10. The Future of Fossilization / Victoria E. McCoy


Customer Reviews (1)

  • An eclectic but fascinating edited collection
    By Leon (NHBS Catalogue Editor) 20 Aug 2021 Written for Hardback

    Fossils are our prime source of information about life in the past. As I delve deeper into palaeontology and earth sciences, the process of fossilisation increasingly fascinates me. How does dead biological tissue fossilise? What information is lost, what is added, and what is distorted in the process? And, ultimately, how true or filtered a picture of past life does the fossil record provide? The edited book Fossilization brings together scientists from a range of disciplines working on cutting-edge topics. The result is a well-written if somewhat eclectic collection of chapters that addressed some of my queries and also answered questions I did not even know I had.

    This book needs some context. Despite the single-word title, Fossilization is not a textbook that will introduce you to taphonomy, the process of fossilisation. (I might be overlooking something, but my impression is that there is no good recent textbook and I would need to refer readers to older books such as Life History of a Fossil or Taphonomy.) Nor does this edited collection strive to be an as-broad and as-inclusive overview as possible. No, essentially Fossilization is a showcase of the research being done at DFG Research Unit FOR 2685 at the University of Bonn in Germany. Funded by the Deutsche Forschungsgemeinschaft (the German Research Foundation), this is a consortium of nine research projects under a program titled "The Limits of the Fossil Record: Analytical and Experimental Approaches to Fossilization".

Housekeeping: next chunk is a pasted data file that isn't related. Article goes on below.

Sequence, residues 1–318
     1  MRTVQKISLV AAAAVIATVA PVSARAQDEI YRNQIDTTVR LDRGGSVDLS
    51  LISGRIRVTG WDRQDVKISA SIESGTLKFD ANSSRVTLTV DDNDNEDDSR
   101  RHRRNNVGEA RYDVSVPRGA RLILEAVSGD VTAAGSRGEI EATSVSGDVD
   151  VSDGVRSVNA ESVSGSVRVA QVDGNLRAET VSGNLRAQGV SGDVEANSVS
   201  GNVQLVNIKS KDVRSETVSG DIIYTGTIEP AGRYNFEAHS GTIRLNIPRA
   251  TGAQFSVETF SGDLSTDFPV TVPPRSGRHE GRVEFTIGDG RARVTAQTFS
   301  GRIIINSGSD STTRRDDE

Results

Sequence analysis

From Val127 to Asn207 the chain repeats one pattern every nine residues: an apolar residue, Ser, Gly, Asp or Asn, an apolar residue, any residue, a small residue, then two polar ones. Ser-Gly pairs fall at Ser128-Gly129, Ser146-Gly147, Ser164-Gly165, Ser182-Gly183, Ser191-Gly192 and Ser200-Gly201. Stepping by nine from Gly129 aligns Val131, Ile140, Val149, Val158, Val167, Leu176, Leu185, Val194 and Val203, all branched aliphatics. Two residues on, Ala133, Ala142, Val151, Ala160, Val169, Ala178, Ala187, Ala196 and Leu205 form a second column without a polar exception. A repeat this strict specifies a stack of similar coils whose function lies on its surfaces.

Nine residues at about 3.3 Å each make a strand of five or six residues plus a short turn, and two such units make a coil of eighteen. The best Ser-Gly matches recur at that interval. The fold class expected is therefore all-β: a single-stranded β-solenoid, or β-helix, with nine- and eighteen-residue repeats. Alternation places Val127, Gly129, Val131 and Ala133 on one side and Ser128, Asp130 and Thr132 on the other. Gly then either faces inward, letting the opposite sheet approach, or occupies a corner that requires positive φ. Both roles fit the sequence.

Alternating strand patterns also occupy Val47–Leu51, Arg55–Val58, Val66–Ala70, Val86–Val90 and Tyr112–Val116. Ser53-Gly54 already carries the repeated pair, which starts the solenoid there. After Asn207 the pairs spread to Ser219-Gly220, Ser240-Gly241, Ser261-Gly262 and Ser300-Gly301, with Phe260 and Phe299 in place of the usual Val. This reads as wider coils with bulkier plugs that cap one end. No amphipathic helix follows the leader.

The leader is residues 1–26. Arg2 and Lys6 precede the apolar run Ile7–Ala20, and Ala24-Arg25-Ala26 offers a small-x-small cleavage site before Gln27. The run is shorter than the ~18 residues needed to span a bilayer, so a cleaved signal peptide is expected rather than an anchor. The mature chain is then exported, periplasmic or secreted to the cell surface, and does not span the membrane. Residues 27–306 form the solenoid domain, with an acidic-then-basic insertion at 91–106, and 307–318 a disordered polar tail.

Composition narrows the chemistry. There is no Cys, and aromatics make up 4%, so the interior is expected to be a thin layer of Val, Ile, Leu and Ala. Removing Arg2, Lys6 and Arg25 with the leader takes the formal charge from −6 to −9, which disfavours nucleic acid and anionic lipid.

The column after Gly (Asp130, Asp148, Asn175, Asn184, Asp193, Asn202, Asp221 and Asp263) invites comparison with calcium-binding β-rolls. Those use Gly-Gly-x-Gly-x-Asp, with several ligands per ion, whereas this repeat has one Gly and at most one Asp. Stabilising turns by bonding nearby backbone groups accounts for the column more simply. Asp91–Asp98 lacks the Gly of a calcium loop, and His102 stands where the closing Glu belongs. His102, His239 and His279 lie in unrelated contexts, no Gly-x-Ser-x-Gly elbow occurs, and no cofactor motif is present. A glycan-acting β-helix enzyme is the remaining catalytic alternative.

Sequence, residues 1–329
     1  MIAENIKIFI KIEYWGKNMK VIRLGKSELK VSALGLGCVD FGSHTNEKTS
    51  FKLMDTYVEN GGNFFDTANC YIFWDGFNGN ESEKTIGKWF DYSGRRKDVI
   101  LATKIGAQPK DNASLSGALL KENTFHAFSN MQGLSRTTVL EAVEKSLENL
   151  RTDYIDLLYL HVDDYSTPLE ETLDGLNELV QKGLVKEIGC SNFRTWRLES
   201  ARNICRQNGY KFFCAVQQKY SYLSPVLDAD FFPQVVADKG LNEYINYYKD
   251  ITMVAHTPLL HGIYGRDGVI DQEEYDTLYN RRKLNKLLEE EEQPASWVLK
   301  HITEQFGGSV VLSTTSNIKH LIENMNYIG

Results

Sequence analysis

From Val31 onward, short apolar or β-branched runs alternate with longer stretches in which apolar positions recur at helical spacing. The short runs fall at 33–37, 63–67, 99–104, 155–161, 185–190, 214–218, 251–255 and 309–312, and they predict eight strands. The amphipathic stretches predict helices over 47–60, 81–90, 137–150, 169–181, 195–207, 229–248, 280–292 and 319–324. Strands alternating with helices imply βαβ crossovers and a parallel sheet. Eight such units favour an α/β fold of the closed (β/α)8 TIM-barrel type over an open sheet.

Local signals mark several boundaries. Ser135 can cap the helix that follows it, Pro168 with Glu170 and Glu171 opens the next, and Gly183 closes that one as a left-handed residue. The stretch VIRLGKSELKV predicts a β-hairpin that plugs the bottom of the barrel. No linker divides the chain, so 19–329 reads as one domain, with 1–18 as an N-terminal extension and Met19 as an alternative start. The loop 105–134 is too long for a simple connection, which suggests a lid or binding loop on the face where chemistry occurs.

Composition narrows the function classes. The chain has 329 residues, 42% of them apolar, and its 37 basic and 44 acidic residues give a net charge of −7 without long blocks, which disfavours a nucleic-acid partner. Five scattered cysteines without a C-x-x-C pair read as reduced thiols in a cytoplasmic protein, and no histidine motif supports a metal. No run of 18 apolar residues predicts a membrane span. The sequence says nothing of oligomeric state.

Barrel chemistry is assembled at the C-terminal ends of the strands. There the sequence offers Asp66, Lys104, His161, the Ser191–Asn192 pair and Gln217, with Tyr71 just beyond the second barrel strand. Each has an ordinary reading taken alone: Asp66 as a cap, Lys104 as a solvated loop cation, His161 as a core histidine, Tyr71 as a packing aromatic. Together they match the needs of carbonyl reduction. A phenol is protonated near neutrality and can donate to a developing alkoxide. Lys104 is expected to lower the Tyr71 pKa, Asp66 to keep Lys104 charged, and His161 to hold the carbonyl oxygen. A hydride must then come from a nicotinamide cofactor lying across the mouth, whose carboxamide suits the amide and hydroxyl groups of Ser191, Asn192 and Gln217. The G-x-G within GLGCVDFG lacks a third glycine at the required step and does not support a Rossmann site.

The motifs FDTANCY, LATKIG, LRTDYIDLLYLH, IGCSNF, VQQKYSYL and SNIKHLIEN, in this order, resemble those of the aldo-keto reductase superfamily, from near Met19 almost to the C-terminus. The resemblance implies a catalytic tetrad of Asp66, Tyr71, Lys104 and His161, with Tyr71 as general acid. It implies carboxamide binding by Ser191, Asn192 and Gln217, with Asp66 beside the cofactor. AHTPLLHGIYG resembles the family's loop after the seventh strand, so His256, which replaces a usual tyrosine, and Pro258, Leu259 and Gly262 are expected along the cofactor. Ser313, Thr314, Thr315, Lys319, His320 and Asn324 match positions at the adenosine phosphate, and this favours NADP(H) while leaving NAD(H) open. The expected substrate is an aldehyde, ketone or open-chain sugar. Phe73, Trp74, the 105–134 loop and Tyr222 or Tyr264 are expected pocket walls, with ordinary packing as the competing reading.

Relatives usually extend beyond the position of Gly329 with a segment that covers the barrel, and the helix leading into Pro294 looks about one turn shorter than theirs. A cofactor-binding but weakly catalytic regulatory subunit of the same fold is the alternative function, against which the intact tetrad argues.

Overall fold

What these projects are, however, is interdisciplinary. As two of the editors clarify in their introduction, the focus of this research unit is the small: evidence at the histological, cytological, and molecular level. This is where palaeontology starts touching on neighbouring disciplines and progress requires the know-how and input from e.g. microbiologists, organic chemists, mineralogists, geochemists, pharmacists, and petrologists. Furthermore, "fossilisation" is much more than just bones turning to stone. It is an umbrella term for several geochemical processes that vary with both tissue chemistry and the environment, encompassing processes such as silicification (of wood), pyritization (of arthropods), permineralization (of bones), and others.